Indian Railways
Porters transport goods on a hand-pulled trolley to load onto a train at a railway station in Kolkata July 8, 2014. Indian Prime Minister Narendra Modi's government disappointed markets with its first major economic policy statement on Tuesday, promising to seek foreign and private funding for the railways but giving no details of how it would lure investors. India's state-owned railways are the fourth-largest in the world. They have suffered from years of low investment and populist policies that have kept fares low.Reuters

Minister of State for Railways Manoj Sinha said, on Saturday, that there was no proposal at present to hike rail fares.

At a function arranged to flag off the tri-weekly Lucknow-Kathgodam Express, Sinha spoke to the media on the sidelines, insisting that it was not right to discuss the rail budget in advance.

He further said that the rail budget would be discussed in the Parliament and it would be wrong to discuss it in advance.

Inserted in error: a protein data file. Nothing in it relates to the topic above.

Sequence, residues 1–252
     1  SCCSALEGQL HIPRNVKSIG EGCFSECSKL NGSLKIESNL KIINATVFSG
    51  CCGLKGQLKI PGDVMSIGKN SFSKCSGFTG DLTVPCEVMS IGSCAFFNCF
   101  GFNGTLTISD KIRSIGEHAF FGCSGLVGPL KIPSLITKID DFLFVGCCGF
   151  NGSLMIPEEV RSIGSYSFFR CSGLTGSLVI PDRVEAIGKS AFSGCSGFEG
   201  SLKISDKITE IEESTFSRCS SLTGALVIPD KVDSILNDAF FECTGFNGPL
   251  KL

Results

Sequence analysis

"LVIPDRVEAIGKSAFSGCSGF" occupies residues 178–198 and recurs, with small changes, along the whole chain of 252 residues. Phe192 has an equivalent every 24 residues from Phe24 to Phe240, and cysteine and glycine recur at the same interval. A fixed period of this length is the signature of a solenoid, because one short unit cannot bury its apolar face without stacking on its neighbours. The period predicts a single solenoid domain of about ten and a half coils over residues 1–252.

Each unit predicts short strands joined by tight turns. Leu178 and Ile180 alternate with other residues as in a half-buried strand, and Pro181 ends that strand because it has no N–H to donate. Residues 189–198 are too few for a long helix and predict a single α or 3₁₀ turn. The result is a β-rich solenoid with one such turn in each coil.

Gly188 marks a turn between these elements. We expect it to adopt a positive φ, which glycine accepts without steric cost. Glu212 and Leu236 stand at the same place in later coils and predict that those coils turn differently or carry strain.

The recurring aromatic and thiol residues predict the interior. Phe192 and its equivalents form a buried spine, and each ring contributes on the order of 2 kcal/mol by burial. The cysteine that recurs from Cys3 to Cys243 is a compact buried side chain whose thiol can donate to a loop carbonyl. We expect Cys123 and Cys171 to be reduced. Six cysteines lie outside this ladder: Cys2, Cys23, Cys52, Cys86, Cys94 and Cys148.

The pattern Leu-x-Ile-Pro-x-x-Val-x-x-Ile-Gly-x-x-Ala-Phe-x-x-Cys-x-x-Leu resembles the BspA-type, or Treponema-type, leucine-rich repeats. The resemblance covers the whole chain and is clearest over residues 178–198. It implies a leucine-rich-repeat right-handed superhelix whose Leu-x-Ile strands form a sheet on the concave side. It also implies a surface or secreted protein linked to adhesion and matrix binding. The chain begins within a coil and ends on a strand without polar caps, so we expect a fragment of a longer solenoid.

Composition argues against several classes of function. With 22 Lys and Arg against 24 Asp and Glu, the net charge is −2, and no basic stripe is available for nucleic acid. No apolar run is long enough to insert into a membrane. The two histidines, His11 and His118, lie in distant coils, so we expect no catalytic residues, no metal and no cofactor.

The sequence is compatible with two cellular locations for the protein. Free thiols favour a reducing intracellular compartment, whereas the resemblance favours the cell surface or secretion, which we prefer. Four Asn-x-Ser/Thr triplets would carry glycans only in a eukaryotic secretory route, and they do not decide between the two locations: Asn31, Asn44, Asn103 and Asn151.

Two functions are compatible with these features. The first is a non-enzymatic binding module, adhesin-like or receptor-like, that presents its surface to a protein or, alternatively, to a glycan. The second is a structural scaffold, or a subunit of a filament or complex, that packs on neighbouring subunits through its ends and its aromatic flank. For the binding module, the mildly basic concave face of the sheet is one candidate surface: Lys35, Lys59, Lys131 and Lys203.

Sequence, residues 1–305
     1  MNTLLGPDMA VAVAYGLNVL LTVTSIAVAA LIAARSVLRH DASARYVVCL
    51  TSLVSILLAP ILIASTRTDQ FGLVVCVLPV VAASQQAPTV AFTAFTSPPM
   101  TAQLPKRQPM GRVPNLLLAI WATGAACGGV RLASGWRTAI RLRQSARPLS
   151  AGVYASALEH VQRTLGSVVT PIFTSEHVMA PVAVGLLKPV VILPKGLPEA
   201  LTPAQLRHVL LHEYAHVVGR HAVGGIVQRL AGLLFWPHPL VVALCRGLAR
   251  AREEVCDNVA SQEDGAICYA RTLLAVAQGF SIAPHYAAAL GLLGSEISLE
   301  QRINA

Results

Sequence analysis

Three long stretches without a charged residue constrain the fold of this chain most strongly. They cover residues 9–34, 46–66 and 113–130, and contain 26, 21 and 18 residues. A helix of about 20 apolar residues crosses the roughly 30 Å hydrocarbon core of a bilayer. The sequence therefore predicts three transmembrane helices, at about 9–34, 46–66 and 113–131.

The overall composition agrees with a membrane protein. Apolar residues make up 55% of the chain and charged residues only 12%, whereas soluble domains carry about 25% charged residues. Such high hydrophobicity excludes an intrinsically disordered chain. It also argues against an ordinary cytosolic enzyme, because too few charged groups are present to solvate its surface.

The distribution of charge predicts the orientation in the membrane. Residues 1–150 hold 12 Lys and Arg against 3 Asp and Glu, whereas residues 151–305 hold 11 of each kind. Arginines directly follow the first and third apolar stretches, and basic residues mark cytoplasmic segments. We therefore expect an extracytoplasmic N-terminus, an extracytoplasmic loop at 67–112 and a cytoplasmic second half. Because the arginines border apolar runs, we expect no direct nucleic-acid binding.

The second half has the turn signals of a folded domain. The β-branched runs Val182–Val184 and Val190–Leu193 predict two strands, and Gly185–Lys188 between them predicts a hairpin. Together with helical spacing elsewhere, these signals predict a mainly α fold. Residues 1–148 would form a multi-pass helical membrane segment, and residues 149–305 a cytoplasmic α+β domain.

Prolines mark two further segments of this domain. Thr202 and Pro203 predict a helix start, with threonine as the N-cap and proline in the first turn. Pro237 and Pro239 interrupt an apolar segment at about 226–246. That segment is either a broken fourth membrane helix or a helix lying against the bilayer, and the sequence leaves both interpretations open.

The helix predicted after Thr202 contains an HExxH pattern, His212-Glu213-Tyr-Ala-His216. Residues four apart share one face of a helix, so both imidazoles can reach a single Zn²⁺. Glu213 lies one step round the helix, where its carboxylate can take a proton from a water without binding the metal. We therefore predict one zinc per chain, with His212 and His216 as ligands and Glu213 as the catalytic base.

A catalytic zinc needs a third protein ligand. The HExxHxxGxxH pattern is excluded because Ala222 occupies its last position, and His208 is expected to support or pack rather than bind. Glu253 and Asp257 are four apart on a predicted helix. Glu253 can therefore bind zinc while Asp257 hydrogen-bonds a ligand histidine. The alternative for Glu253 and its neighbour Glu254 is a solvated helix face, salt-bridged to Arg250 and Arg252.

"There is no proposal as of now to hike rail fares" Sinha said.

When quizzed about Lucknow benefitting from the rail budget, the Minister - elected from Ghazipur in Uttar Pradesh - just said: "Lucknow will have a lot," leaving it open-ended.

Recently, Railway Minister Suresh Prabhu said that the reduction in passenger fares were unlikely, even in the face of reduction in diesel prices, as the Railways recovers only half of the passenger cost it incurs.

He noted that the government is already subsidising rail fares. Modernisation of the railway service to match commuter expectations and for expansion of the network is hampered by a huge demand-supply gap and limited financial resources. "The point is how to raise resources," said the Railway Minister, DNA reports.